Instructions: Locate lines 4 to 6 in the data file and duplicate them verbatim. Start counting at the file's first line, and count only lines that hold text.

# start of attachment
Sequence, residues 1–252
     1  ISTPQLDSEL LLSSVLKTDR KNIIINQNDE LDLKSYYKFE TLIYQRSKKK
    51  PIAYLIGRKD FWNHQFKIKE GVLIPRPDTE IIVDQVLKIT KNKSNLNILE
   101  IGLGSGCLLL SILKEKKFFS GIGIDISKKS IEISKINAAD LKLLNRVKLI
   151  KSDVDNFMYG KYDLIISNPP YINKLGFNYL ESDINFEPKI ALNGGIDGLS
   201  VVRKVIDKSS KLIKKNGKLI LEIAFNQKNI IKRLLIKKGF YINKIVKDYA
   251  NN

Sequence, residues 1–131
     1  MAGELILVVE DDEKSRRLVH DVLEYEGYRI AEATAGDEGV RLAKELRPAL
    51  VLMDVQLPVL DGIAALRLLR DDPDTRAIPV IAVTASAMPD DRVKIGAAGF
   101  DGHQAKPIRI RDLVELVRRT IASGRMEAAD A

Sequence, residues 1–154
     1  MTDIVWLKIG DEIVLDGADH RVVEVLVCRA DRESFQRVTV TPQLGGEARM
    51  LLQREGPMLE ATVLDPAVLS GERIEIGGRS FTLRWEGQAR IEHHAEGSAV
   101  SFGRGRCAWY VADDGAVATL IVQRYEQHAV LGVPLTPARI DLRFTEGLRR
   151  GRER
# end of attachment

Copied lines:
   101  IGLGSGCLLL SILKEKKFFS GIGIDISKKS IEISKINAAD LKLLNRVKLI
   151  KSDVDNFMYG KYDLIISNPP YINKLGFNYL ESDINFEPKI ALNGGIDGLS
   201  VVRKVIDKSS KLIKKNGKLI LEIAFNQKNI IKRLLIKKGF YINKIVKDYA